Democracy, power, knowledge, and health: questions for the future of social medicine


This essay aims to explore possibilities and challenges for the future of Social Medicine.[1] It is inspired by empirical ethnographic research, as part of a PhD in Collective Health, in a Brazilian public maternity hospital, which does not escape the contradictions of being part of a universal health system immersed in a context of deep racial, gender, social, and economic inequalities. To understand how the contradictions generated by social inequalities shape health services, relationships, subjectivities, and bodies, I analysed the hospital as an englobing technology in the care of abortion complications in Brazil. One of the key arguments is that stratification shapes practices and uses of biomedical technologies in health care [1]. Based on this experience analysing clinical encounters, in this essay, I briefly turn to the history of Brazilian Collective Health, along with theoretical and methodological inspirations from the field, to reflect on challenges for the future of social medicine [2,3,4]. To deepen the understanding of the dynamics of social relations established in the hospital, it was necessary to further the understanding of how the Brazilian health system is organized. My ethnographic research reveals that this specific organization is expressed in the ways of caring for women who seek the maternity ward to treat their health problems, for example.

Brazilian Collective Health,[2] since the end of the 1970s, has been consolidated as a field of knowledge production and a practical field of health care, which, concomitantly with the sanitary reform movement (Reforma Sanitária) and the country’s democratization, led to the creation of the Unified Health System (Sistema Único de Saúde, SUS). Health democratization was at the centre of the debate on health that gave rise to the SUS, as well as the inclusion of health as a right in the Brazilian Constitution in 1988, both important milestones for the country [4,10,11].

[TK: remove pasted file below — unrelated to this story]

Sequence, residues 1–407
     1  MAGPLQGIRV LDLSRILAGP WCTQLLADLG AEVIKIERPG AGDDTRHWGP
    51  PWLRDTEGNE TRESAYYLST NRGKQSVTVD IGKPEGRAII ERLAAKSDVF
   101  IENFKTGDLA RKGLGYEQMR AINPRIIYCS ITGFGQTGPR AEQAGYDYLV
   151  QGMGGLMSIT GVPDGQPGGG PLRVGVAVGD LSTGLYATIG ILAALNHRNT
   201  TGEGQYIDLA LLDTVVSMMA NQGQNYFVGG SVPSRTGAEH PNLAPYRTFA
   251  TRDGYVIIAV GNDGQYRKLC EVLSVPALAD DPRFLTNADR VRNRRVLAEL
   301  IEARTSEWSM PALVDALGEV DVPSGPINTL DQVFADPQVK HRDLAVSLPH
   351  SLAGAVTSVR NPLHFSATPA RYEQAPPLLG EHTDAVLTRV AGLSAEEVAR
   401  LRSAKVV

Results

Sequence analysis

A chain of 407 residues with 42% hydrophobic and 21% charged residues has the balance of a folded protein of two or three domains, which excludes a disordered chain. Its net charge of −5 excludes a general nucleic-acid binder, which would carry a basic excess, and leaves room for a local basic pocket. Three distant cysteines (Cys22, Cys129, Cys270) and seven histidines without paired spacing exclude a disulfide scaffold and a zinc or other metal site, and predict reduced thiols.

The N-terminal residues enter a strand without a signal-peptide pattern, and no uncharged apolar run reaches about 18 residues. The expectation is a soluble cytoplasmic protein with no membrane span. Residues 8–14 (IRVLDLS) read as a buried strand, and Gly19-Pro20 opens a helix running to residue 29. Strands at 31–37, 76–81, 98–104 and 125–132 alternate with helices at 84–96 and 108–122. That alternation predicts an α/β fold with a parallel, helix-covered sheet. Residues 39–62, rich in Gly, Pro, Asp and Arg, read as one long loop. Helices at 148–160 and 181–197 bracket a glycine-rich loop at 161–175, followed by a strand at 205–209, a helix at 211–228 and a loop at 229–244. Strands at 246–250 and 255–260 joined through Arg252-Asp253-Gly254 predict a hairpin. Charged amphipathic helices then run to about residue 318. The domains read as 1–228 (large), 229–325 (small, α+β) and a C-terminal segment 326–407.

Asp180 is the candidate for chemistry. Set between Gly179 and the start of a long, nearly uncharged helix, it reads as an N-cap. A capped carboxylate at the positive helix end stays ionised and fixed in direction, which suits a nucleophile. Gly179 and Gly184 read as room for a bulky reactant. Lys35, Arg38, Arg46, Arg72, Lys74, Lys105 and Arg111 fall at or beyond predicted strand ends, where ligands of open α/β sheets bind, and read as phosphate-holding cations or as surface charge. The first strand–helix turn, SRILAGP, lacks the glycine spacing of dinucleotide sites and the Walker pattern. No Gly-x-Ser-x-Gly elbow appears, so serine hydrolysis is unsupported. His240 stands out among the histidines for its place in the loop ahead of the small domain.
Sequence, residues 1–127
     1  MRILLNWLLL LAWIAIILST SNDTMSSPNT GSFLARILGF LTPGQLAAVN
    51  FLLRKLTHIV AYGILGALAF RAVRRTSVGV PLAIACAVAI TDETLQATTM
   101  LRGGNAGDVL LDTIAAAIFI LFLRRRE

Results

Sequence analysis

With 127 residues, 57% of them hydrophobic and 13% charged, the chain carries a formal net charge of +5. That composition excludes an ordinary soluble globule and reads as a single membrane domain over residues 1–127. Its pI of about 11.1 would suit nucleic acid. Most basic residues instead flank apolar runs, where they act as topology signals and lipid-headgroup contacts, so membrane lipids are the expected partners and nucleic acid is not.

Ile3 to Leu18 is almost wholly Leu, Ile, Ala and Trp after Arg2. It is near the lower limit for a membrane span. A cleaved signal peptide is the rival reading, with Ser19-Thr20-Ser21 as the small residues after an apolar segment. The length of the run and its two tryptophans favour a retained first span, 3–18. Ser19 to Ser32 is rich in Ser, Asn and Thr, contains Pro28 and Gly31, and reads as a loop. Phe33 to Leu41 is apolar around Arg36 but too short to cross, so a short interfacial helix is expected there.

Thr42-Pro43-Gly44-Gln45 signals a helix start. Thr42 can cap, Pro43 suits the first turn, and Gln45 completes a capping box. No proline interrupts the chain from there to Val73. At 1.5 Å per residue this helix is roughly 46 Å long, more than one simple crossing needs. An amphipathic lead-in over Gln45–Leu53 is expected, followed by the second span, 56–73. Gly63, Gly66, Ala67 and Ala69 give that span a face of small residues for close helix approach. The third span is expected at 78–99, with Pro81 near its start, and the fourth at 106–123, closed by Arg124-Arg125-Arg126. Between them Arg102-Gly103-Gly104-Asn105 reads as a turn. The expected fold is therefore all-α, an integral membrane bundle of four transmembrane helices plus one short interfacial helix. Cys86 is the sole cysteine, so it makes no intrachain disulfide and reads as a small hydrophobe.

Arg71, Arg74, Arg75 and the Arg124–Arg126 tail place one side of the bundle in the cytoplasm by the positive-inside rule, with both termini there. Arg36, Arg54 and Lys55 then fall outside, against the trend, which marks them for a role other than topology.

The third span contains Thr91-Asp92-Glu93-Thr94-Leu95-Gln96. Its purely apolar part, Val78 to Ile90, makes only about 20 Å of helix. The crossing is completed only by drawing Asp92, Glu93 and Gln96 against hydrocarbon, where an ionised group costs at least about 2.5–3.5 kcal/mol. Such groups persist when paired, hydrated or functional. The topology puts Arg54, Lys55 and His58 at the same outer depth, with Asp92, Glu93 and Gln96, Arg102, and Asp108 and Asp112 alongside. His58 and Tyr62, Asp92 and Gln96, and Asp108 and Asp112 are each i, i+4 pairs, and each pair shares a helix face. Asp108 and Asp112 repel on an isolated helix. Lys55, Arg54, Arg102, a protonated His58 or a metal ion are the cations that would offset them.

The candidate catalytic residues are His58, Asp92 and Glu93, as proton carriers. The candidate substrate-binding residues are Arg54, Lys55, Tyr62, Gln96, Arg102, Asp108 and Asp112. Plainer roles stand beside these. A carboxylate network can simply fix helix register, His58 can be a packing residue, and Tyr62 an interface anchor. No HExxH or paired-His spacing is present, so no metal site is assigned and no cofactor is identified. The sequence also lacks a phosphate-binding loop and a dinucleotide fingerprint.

Inspired by European Social Medicine, researchers and activists for sanitary reform in Brazil (sanitaristas), when conceiving the term ‘Collective Health’ (Saúde Coletiva), sought distance from the traditional notion of Public Health and to incorporate the consideration of social determinants in health as one of the pillars to understand and act on the health of collectivities [12,13]. The Brazilian health reform project also had as a horizon the need for societal transformation as a whole, including the reorganization of power relations, based on the values of social justice and human rights [10,11,14,15].  

While the foundations of Collective Health in Brazil are advanced and complex, its project has not been completely incorporated into Brazilian society. This means that there is scientific knowledge that has been produced that can be refined and deepened. However, beyond the production of knowledge, I argue that Social Medicine should be concerned with understanding how knowledge is related to power, in order to understand which knowledge assumes a hegemonic position and which unfolds in broader health policies and beyond. Health policies may incorporate the assumption that health is a process that goes beyond the health sector exclusively, unfolding in systems and services that place users’ well-being at their centre. Thus, researchers in Collective Health, or Latin American Social Medicine [16], have made efforts to learn from the limitations encountered in the practical implementation of their assumptions and utopias. In this essay, I intend to systematize some lessons from this field that can inspire the development of a Social Medicine for the future.